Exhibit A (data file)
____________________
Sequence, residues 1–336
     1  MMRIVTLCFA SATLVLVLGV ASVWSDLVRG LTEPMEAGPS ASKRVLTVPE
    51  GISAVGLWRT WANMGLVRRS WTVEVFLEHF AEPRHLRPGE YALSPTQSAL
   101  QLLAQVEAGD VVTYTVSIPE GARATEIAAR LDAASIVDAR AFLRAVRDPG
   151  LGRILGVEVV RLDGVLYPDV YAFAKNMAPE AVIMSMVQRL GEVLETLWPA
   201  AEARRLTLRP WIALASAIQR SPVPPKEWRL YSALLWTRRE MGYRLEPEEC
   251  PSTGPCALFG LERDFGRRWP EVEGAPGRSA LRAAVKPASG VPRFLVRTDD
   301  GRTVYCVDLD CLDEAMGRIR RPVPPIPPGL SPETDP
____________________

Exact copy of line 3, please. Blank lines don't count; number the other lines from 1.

    51  GISAVGLWRT WANMGLVRRS WTVEVFLEHF AEPRHLRPGE YALSPTQSAL